A flavour of this American stratagem was conveyed by US secretary of state Madeleine Albright in a lecture at Georgetown University in March 1997. Albright was at pains to affirm that American policy towards Iraq was part of a broad commitment to protect the security and territory of friends and allies in the Gulf. From the beginning of Operation Desert Storm until the present, said Albright, American policy towards Iraq had been consistent, principled and grounded in a realistic and hard-won understanding of the nature of the Iraqi regime. And as if these virtues had not been enough, it had also been bolstered by bipartisan support at home, and general approval in the region. Albright learnt the hard way, while travelling the circuit of Arab capitals in November 1997, that her presumptions were grossly misplaced. There was little approval in the Arab world for the American policy line towards Iraq, which had long since gone beyond rational calculation into the realm of theological vindictiveness. But that realisation was still far away as Albright unburdened herself of opinions at Georgetown University. An American audience poses few inconvenient questions, which made it easy for Albright to stitch together a perfectly bizarre logical concatenation.
It was far from clear, said she, that an Iraq which complied with all the Security Council demands on weapons of mass destruction would merit the lifting of the punishing regime of trade sanctions it had suffered since 1990. Before these were to be considered, said the American secretary of state, Iraq needed to prove its peaceful intentions, which it could only do by complying with all of the Security Council resolutions to which it is subject. But was it really possible to conceive of such a government under Saddam Hussein? An evaluation of Iraqi conduct revealed to Albright that Saddam Husseins intentions will never be peaceful. Clearly, the ceasefire resolution, which was objectively, even if unreasonably, phrased, has been transformed into an instrument for the USs own unilateral agenda in Iraq and the region. And it is logical in the context of stated American policy, to read the recent airstrikes carried out without a reference to the UN, on the basis of an extremely specious report from UN weapons inspector Richard Butler as an element of broader strategy, rather than merely as punitive forays.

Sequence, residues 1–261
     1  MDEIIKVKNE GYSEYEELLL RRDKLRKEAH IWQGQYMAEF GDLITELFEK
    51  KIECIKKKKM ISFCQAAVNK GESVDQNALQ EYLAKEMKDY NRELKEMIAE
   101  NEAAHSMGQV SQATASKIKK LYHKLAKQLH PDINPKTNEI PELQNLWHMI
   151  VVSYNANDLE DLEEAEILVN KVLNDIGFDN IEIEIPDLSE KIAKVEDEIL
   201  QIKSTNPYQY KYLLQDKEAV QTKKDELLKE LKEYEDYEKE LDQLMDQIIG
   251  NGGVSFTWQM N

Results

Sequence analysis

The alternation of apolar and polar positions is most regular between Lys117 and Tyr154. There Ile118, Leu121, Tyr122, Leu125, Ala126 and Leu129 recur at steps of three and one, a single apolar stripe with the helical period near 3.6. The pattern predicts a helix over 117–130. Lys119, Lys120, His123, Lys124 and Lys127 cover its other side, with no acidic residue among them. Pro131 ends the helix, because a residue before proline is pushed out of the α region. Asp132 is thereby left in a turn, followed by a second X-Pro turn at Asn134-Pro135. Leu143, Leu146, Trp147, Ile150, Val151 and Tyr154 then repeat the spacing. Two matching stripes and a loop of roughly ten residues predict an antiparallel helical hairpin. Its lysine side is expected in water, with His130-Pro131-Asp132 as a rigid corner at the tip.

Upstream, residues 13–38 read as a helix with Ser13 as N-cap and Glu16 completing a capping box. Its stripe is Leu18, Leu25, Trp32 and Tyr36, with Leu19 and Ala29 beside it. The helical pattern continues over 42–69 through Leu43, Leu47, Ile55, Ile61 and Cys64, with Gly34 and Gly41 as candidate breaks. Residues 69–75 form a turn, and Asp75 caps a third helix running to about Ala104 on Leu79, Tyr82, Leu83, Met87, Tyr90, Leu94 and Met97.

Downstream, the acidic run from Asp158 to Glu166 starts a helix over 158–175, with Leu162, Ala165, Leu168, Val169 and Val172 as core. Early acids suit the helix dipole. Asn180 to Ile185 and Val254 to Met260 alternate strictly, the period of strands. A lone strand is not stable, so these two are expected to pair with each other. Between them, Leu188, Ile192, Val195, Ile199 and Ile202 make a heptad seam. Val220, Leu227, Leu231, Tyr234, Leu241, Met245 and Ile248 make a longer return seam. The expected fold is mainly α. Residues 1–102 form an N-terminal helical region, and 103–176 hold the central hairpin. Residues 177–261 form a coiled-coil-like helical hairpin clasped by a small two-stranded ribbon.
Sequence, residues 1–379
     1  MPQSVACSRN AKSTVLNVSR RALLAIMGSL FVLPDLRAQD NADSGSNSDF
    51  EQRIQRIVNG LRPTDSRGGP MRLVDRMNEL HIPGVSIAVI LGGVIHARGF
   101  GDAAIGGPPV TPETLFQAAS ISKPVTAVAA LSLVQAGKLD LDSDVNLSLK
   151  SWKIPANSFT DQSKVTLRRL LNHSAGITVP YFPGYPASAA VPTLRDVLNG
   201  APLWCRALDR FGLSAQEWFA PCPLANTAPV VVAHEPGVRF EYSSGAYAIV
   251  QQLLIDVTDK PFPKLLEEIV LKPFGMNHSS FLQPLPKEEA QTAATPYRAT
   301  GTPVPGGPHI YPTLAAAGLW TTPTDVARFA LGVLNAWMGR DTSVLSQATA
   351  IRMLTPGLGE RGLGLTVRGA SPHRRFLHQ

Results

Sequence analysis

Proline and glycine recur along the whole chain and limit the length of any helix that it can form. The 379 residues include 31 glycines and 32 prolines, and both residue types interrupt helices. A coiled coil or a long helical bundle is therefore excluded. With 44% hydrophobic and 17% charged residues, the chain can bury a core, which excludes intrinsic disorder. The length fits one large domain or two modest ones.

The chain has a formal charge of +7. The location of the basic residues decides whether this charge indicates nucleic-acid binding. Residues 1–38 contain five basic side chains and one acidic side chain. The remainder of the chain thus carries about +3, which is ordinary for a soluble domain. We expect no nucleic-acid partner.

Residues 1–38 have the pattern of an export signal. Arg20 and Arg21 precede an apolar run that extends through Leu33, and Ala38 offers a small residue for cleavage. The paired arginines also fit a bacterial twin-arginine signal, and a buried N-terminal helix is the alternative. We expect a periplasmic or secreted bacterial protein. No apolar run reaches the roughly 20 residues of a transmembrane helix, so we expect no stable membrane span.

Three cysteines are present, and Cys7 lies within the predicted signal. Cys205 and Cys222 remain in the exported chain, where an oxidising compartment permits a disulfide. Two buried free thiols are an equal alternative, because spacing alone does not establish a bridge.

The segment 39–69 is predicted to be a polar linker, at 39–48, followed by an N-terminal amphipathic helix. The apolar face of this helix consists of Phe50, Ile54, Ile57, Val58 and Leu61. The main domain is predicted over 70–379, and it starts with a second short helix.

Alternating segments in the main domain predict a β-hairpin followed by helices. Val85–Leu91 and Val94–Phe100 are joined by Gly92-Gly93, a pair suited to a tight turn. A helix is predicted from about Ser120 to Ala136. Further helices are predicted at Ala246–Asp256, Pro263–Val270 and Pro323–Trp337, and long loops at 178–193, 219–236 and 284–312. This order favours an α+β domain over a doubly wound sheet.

Stirring at the basis of the regime of air control is the notion that explosive force applied from the air can influence political events on the ground. Various official spokesmen made it apparent during the recent airstrikes, that their ultimate aim was to weaken Saddam Husseins key constituencies such as the Republican Guard military units and if possible, to goad them into a decisive coup attempt. This resurrects a military doctrine that was applied in all its variants in the Vietnam operations, only to fail every test of military efficacy. One of the principles that was applied was that of interdiction bombing to choke off the corridors of guerrilla operation in Vietnam. The large number of civilian casualties that resulted only made the US more permissive as far as saturation bombing was concerned. And then, even if the base inhumanity of the carpet bombing in Vietnam were overlooked, the results in purely military terms were dismal. In 1967, US secretary of defence Robert McNamara summed up the lessons learnt from the application of the various bombing doctrines: As to breaking their will, I have seen no evidence in any of the many intelligence reports that would lead me to believe that a less selective bombing campaign would change the resolve of the North Vietnamese leaders or deprive them of the support of the North Vietnamese people.
Sir Robert Thompson, a veteran of Britains colonial wars of the 1950s, developed upon this assessment. The single most important feature of guerrilla warfare in a predominantly rural setting, he pronounced, is its immunity to the direct application of mechanical and conventional power. This was a chastening appraisal, but it only provoked the political theorist Samuel Huntington to add what he thought was an important qualification: If the direct application of mechanical and conventional power takes place on such a massive scale as to produce a massive migration from countryside to city, the basic assumptions underlying the doctrine of revolutionary war no longer operate. The Maoist-inspired rural revolution is undercut by the American-sponsored urban revolution.
This was the doctrine and the sensibility that underwrote the USs massive campaign of chemical warfare in Vietnam perhaps the greatest unaccounted war crime of the post-second world war period. The lethal toxin Agent Orange was dumped on Vietnam in massive quantities, to strip its jungles of all foliage. In the fevered imagination of American technological jingoism, this would expose the population that was otherwise sheltered in the jungles to the application of mechanical and conventional power. On the ground, an accelerated pacification programme was inaugurated as a complementary measure. Entire villages were cleared and their residents herded into urban centres under American supervision. Forced-draft urbanisation and modernisation, said Huntington in the exultation of discovery, would rapidly bring the country out of the phase in which a rural revolutionary movement can hope to generate sufficient strength to come to power.
The US went through a prolonged process of learning in Vietnam. By those standards, the mission of air power in Iraq is relatively uncomplicated. Unlike Vietnam then, Iraq is a highly urbanised and industrialised society, whose civilian infrastructure is vulnerable to the application of mechanical and conventional power in a manner that rural hamlets are not. The 1991 bombing campaigns by the US and its allies did a comprehensive job of demolishing the countrys infrastructure. But the political events that have followed this application of mechanical power have not conformed to American expectations. The regime remains in place, still able to summon up the residual defiance to beat back Richard Butlers crude efforts to penetrate its innermost recesses, still able to cock a snook at the western powers by challenging and engaging the aircraft patrolling the aerial exclusion zone illegitimately imposed towards the northern and southern reaches of Iraq.